You may become feverish and shivery if your pancreas becomes inflamed (swollen) as a result of the tumour.
How does cancer begin?
Cancer begins with a change in the structure of DNA, which is found in all human cells. DNA provides cells with a basic set of instructions, such as when to grow and when to reproduce.
A change in the DNA structure (genetic mutation) alters these instructions so that the cells carry on growing and reproducing uncontrollably. This produces a lump of tissue (a tumour).
How does cancer spread?
Left untreated, cancer can grow and spread to other parts of the body through the lymphatic system, blood and body cavities.
The lymphatic system is a series of glands (or nodes) located throughout your body. It is similar to the blood circulatory system. Lymph glands produce many specialised cells that are needed by your immune system to fight infection.
If cancer spreads via the blood, it can reach the liver and sometimes others parts of the body.
Although pancreatic cancer is not yet fully understood, several risk factors have been identified that may increase your chance of developing it:
- older age
- certain blood groups (A, A/B and B)
- chronic pancreatitis (long-term inflammation of the pancreas)
- as part of a family cancer syndrome
These risk factors are outlined below.
Pancreatic cancer mainly affects people aged 50-80. Around 63% of people diagnosed with cancer of the pancreas are over 70, but it can affect people of any age.
Smoking is associated with almost a third of all pancreatic cancer cases. Smoking cigarettes, cigars or chewing tobacco can all increase your risk of developing cancer of the pancreas. This is because tobacco smoke contains harmful toxins and chemicals that can cause irritation and inflammation (swelling) in the tissues and organs within your body.
Patients with blood groups A, A/B or B are much more likely to develop pancreatic cancer than patients with blood group O.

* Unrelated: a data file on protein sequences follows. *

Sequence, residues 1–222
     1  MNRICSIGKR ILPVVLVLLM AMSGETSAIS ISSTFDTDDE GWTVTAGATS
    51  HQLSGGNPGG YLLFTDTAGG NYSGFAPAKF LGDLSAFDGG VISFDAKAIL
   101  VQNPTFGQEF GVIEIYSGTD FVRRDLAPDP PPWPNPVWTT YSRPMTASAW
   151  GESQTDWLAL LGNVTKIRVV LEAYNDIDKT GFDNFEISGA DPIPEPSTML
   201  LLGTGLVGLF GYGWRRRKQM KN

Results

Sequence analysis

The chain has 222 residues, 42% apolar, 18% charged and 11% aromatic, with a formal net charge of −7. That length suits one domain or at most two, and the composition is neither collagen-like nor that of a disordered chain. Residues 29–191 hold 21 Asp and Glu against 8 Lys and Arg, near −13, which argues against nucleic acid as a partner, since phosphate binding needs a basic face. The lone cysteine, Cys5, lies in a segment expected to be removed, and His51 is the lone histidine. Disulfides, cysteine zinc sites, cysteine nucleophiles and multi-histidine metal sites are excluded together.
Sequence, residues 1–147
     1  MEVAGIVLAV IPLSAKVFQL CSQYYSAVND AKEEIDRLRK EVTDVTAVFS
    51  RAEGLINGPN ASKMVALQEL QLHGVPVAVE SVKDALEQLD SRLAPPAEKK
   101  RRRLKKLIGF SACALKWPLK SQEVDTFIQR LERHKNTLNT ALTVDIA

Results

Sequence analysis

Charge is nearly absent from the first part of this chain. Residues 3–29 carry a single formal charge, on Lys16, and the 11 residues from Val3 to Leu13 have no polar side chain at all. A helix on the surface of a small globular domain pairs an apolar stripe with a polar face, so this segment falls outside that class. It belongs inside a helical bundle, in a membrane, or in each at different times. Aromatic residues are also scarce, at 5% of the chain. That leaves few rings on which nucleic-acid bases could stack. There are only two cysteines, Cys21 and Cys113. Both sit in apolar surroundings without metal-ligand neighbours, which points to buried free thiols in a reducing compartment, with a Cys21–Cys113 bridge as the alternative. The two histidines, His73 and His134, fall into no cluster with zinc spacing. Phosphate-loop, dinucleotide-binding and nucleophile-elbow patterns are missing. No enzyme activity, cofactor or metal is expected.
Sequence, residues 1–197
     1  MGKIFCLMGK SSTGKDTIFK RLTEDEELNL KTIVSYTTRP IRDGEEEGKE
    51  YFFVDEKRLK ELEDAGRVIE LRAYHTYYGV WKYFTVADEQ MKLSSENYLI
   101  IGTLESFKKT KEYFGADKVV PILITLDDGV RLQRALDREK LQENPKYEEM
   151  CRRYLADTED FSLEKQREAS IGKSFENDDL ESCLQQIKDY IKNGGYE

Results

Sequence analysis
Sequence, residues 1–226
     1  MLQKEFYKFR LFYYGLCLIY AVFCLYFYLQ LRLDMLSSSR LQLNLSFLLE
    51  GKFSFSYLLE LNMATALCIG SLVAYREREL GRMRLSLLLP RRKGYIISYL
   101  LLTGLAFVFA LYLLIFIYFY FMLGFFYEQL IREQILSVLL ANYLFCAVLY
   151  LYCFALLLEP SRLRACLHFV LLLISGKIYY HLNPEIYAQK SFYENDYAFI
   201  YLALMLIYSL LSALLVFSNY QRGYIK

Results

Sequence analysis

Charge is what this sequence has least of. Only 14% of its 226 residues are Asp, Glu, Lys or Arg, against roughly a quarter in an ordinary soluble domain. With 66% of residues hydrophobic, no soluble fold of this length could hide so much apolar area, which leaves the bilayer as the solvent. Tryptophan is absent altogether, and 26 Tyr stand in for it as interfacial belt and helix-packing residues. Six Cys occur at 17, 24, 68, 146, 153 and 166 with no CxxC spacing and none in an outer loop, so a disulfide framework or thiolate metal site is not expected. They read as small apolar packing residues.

Chronic pancreatitis (long-term inflammation of the pancreas) will increase your risk of pancreatic cancer.
Although very uncommon, patients with hereditary (inherited) pancreatitis have a particularly high risk of pancreatic cancer, especially from the age of 40.
Can I inherit pancreatic cancer?
Cancer of the pancreas is caused by inherited genes in 1 in 10 cases.
This is partly due to inherited genes that determine blood groups and genes that make you more susceptible to pancreatitis.
For most patients, however, even when there is a clear inheritance pattern in the family, the responsible genes are not known.
A small number of people who inherit one of the faulty genes associated with breast cancer (known as BRCA1 and BRCA2) may be at an increased risk of developing pancreatic cancer later in life.
Similarly, there are cancer syndromes that have a high incidence of pancreatic cancer. These are Peutz-Jeghers syndrome and familial atypical multiple mole melanoma syndrome.
It may be difficult for your GP to detect and diagnose pancreatic cancer, particularly in its early stages. When pancreatic cancer first develops it causes very few symptoms.
If your GP suspects you have it, they will examine your eyes and skin for any signs of jaundice (see Pancreatic cancer - Symptoms for more information). They may also test your urine for bile or carry out a blood test. This is because in some cases, jaundice can be a sign of pancreatic cancer.
Your GP may also physically examine your abdomen (tummy), to feel for any swelling or abnormality. The pancreas is relatively well-hidden within the body (covered by part of the bowel). This can make it difficult for your GP to feel for tumours during a physical examination.
Your GP may send you for further testing at a hospital. Some of the tests you may need are outlined below.
An ultrasound scan uses high-frequency sound waves to produce an image of the inside of your body. If your GP suspects you may have pancreatic cancer, you will be referred for an ultrasound scan of your abdomen.
During an ultrasound scan, your doctor will be able to look at your pancreas to see if there are any signs of abnormality.
An ultrasound is a painless procedure. However, it can often miss pancreatic cancer as ultrasound waves are not good at penetrating deep into body tissues. Therefore, a normal ultrasound scan does not necessarily mean you do not have pancreatic cancer.
If you are still worried, you should insist on a CT scan or MRI scan (see below).
Computerised tomography (CT) scan
A computerised tomography scan (CT scan) is able to produce a detailed image of the inside of your body using a series of X-ray images. Your doctor can use the results of this scan to check for any abnormalities, and to assess the size of the tumour.
Magnetic resonance imaging (MRI) scan
A magnetic resonance imaging scan (MRI scan) also produces an image of the inside of your body, but uses strong magnetic and radio waves instead of X-ray images. An MRI scan takes longer to perform and can be noisy and claustrophobic. As with a CT scan, an MRI scan allows your doctor to check for signs of cancer in other parts of the body.
Endoscopic ultrasonography (EUS)
If a small shadow is seen on a CT or MRI scan but it is not obvious what this is, another test can be performed called an endoluminal ultrasonography (EUS).